I really didn't learn anything new, but rather, how to take a bunch concepts I was already familiar with and bring them together into a cohesive unit. It's got me thinking and planning and trying to figure out how to put it in to use. This is good. This is what the writer wanted.
So, I would recommend this book if you're at the point where you have your AI agents working, but you want them to be more flexible and unpredictable in their actions, or react with more independently to their environment. IF you check the price of this book on the secondary market, you can see its doing pretty well as a used book, which says a lot for anything in the technology field.
If you're looking for good descriptions of challenging topics, this is not the book for you. The diagrams are often confusing (inverting the x-axis for questionable reasons), the code takes up far too much space for the value it is supposed to convey, and the prose is bloated.
The author early on makes the distinction between "proscriptive" and "descriptive" mathematical models - making the point that we're not necessarily trying to find optimal behavior, we're trying to record plausible behavior. This is a reasonable decision, but the amount of work necessary to model the author's favorite example of "4 out of 5 dentists recommending sugar free gum to their patients that chew gum" seems overwrought for what could be accomplished in one line of code.
The author invents a term "response curves", which seems like an awkward name for a selection from a weighted list. He claims that these are necessary, because algorithmic functions don't offer enough flexibility to achieve the results he's looking for. His response curves are piecewise constant functions over a finite domain, and if you want the flexibility of his response curves without the discontinuities, look up splines - well understood, and supported by many libraries already.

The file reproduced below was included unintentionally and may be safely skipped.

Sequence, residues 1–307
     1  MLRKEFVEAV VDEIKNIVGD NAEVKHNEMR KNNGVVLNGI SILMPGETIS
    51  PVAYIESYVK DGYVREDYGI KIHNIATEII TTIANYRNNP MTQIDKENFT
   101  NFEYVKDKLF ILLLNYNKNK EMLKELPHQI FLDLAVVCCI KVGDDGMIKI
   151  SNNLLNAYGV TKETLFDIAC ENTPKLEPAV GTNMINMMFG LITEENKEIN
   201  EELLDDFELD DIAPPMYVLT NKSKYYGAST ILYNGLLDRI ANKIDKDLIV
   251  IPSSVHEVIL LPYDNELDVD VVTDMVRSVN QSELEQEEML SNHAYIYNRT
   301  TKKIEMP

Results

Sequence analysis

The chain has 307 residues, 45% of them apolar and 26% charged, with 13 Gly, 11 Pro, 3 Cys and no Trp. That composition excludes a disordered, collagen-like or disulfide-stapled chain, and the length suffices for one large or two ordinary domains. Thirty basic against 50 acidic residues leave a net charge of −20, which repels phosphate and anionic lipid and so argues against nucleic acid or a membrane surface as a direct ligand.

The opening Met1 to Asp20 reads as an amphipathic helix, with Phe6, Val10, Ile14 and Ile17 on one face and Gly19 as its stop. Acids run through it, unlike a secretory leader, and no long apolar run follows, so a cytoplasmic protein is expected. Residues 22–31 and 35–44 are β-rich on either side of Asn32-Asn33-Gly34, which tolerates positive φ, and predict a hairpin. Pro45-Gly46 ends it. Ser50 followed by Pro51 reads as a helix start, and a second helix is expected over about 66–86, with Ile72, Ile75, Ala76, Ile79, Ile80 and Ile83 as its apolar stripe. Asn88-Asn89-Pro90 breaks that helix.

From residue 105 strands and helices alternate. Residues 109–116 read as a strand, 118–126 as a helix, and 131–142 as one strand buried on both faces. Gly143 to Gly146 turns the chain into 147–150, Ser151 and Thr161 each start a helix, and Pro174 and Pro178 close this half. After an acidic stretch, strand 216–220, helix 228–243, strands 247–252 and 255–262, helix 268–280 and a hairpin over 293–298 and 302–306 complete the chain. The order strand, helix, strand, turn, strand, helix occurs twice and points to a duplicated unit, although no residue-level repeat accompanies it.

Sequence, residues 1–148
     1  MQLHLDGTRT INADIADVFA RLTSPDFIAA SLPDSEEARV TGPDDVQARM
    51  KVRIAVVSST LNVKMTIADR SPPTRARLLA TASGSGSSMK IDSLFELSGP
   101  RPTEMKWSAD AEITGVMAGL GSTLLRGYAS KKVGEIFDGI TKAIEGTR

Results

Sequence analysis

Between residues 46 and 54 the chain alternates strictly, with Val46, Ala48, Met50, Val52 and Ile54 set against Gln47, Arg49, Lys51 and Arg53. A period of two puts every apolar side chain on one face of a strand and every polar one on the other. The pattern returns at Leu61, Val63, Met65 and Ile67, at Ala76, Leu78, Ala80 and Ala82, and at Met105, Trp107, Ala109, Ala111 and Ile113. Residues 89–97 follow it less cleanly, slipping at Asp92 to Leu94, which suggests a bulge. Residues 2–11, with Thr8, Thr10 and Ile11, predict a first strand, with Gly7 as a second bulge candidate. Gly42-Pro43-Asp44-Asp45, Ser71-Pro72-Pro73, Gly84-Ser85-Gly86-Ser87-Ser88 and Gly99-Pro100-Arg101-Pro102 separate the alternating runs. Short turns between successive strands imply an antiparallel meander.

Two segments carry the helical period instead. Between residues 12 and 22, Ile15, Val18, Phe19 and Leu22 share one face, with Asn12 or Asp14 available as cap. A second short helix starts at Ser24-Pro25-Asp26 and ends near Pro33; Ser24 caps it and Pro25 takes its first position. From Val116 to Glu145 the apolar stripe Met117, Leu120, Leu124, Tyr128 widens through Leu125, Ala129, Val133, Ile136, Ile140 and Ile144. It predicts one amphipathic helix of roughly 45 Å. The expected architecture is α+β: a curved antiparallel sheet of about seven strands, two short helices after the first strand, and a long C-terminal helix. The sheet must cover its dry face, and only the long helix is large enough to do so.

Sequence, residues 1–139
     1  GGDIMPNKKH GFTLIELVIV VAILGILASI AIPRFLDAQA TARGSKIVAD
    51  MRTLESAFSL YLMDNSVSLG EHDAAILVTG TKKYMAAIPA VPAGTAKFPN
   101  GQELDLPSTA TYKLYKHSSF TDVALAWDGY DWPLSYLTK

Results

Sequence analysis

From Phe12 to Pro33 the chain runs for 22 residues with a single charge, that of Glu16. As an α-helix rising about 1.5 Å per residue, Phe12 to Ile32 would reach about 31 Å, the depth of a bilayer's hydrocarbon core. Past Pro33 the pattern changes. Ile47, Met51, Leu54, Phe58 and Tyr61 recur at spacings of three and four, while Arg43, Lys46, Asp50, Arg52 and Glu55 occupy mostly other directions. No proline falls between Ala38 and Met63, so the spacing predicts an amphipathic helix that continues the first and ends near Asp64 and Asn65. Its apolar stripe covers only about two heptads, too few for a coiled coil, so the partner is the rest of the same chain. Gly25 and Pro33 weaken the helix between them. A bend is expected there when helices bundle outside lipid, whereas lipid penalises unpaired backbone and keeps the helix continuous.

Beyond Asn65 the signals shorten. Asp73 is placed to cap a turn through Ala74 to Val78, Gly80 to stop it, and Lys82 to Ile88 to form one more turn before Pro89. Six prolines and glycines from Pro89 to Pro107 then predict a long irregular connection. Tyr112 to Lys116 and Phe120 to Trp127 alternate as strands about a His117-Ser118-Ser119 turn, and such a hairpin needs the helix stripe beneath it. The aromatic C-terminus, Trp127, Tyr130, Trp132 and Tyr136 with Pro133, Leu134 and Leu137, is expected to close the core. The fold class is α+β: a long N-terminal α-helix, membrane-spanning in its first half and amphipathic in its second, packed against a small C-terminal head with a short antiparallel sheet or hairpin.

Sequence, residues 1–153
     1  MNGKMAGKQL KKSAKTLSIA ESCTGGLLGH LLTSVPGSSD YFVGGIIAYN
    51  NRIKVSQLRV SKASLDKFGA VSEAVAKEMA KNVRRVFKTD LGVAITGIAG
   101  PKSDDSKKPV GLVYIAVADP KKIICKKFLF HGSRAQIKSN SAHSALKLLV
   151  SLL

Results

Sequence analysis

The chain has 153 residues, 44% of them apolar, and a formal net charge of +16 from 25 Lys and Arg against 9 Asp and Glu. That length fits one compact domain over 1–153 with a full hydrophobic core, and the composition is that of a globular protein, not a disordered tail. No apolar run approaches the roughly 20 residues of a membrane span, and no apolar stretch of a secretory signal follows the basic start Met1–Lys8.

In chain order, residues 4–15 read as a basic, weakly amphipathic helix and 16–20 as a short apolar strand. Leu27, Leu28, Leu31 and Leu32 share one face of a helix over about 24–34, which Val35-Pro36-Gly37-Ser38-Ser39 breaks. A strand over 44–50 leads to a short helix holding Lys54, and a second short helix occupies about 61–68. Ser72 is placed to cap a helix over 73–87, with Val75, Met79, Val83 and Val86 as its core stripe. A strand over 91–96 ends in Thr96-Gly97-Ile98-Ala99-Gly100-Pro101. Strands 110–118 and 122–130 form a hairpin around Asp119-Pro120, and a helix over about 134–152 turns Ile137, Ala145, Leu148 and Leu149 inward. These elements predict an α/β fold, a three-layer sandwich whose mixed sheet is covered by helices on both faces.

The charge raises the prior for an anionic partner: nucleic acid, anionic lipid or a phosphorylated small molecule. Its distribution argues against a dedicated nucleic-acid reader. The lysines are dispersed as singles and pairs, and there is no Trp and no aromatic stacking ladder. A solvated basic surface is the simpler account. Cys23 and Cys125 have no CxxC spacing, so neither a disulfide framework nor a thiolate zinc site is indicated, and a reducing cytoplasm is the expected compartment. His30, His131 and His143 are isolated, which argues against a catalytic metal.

The book lurches from dwelling on some easy ideas (scaling the output of a function to be between 0 and 1 and weighted averages) to briefly touching on more complicated ones (marginal utility). The easy ideas are rehashed several times, while the difficult ones are mentioned, but the user is left to figure out how to apply them in their own work, as the author concedes that each application will be different.
In several places in the code, the author omits constructors and destructors, so as to keep things clear, though he makes a point in both the code and the text to call attention to the fact that he's omitting them. Perhaps the ideas would have been clearer if the author had communicated them through pseudocode, rather than collecting snippets of C++ that aren't complete enough for a C++ user to use, and are a stumbling block for someone who doesn't read C++.
Defying the admonition to not judge books by their cover, one might have looked at the poorly designed cover, with the fuzzy fonts and the impenetrable imagery, and got a hint that this was not a book that the publisher believed was worth their best effort.
Perhaps I'm not in the target audience for this book. If you know a bright child who is looking for an introduction to simple mathematical topics, and is eager to write computer games, this might be part of a bundle of books that you get them for the holidays.
This is not a book I will keep as a reference, but will be getting rid of at my earliest convenience.